Historically speaking, in our career ladder translation was reserved for the most experienced teachers. It was usual that, after having taught different language levels and courses, some chosen teachers were then appointed to teach preparation courses for International Exams and just a few of them tried translating.
As a translator myself, I know firsthand that being knowledgeable in the language gives you a considerable advantage when it comes to using it as a tool. A professional in translation knows registers, collocations, idioms, and functional language. Translation, however, requires some degree of expertise in specific fields, vast general culture and knowledge of Linguistics and Theory of Translation, not to mention Stylistics.
An English teacher can make an excellent translator when it comes to working with their field of expertise; if that is not the case, there are plenty of opportunities nowadays to grasp what it means to be a translator: there are webinars, diplomas, and short courses available to get the foundations of this profession.
Since language is continuously evolving, it is important to keep updated and to read about it. Besides the foreign language, it is also very important to know Spanish well, not only as a native speaker does, but to discern the new words incorporated into the language, recently coined words, and new uses concerning these. Last, but not least important, it is a must to be very aware of the modifications decreed by the Real Academia Española and the Asociacion de Academias de la Lengua Española.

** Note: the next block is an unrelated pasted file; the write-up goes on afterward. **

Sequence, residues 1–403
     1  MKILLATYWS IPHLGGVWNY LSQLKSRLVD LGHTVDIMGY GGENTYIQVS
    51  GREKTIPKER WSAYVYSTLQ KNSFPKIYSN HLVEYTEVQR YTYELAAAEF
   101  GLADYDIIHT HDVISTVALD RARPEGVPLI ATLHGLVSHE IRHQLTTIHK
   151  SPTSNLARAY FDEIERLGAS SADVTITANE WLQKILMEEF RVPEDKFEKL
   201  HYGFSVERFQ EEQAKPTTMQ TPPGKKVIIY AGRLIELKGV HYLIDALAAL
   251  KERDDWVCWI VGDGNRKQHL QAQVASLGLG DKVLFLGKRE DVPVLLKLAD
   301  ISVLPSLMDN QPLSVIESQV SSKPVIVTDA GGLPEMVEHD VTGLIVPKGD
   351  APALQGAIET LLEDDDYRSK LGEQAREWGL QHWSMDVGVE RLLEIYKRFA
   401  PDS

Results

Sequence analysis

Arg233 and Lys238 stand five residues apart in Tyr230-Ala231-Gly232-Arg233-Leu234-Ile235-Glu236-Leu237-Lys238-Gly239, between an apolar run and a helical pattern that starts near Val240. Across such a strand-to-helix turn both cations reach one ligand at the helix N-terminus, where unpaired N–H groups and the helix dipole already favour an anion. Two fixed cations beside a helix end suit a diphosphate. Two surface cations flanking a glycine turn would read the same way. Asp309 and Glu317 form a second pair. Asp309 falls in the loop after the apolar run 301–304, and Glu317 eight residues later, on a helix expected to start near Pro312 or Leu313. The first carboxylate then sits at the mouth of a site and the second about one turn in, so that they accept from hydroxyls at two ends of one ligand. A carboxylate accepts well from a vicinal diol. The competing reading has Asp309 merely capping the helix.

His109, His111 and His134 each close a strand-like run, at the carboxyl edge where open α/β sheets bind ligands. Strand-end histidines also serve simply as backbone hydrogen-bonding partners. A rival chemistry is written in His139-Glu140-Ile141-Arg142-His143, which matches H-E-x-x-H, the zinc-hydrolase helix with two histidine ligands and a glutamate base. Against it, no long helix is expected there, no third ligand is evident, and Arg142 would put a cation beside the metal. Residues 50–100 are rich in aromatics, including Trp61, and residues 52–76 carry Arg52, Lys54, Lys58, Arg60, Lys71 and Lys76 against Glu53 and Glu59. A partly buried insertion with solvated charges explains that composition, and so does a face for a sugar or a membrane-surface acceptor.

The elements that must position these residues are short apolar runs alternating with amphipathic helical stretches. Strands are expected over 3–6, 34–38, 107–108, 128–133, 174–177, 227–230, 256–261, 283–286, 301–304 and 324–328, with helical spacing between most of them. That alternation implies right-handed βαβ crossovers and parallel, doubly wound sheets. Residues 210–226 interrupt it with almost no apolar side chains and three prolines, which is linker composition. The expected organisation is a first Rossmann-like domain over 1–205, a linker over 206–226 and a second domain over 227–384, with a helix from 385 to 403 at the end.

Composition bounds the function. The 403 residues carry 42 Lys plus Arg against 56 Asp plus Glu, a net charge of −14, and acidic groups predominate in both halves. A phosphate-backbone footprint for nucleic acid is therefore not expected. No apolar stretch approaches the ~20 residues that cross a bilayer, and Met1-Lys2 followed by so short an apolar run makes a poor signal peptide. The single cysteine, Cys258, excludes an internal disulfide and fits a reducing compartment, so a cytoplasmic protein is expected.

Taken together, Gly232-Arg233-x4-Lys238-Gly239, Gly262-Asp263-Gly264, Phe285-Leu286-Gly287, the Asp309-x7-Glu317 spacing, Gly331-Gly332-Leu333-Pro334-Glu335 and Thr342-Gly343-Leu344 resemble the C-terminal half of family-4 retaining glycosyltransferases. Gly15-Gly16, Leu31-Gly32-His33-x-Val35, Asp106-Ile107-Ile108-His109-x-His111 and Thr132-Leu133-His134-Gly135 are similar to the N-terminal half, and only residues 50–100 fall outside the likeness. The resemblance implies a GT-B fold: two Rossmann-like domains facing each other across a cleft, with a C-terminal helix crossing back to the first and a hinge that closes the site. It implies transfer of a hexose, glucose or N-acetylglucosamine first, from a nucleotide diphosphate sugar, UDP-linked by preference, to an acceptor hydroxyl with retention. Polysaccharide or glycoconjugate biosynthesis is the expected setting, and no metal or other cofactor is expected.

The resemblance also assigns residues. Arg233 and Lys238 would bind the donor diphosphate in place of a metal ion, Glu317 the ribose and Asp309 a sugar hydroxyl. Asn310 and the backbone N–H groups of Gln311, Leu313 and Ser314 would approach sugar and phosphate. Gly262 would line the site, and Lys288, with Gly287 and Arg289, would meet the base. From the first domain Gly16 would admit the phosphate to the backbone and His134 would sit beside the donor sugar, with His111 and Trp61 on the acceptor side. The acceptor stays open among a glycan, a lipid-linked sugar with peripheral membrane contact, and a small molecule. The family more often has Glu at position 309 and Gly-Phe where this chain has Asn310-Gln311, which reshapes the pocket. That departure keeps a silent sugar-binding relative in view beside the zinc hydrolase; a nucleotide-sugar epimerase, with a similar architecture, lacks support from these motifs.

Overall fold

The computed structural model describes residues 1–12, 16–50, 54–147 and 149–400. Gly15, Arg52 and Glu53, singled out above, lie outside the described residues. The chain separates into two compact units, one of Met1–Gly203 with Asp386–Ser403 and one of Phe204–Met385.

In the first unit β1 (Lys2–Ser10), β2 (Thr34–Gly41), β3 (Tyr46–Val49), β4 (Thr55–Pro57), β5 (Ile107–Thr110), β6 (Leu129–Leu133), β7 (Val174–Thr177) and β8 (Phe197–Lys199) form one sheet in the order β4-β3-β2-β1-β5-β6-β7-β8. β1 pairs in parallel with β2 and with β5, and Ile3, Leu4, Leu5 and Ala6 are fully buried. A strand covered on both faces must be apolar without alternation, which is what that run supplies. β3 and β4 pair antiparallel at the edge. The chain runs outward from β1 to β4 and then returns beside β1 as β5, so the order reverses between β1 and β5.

We often tell our students they have to learn to “think in English,” to the extent that it may have lost meaning in their minds. So, what does this mean and how do we achieve it? In truth, it is something that cannot be properly explained, only experienced. It is the feeling people that speak English as a second language get when they know what they want to say, but cannot remember that one word in their own language. It is having that one expression that perfectly fits the situation and replying with “there is no equivalent in our language” when asked about it.
It is that feeling described above that could mean the difference between a fully methodical and a potentially versatile translator. It is easier to properly translate ideas after experiencing them in our daily lives. Do not just study a language, fully embrace, and live in it!
The world of languages is vast, and our passion for learning the mechanics of each language, to contrast and compare it with others, allows us to understand its spirit, culture, and values. This in turn, is the magic of translation: help to connect people and to be the bridge between two cultures.
What about you? Are you up to give it a try?
What other chances do you see in a near future?